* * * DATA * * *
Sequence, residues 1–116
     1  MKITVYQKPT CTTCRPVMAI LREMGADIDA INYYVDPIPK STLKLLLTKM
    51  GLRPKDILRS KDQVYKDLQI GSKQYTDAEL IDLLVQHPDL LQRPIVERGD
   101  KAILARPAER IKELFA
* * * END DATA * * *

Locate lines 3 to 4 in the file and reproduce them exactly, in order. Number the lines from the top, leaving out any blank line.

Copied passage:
    51  GLRPKDILRS KDQVYKDLQI GSKQYTDAEL IDLLVQHPDL LQRPIVERGD
   101  KAILARPAER IKELFA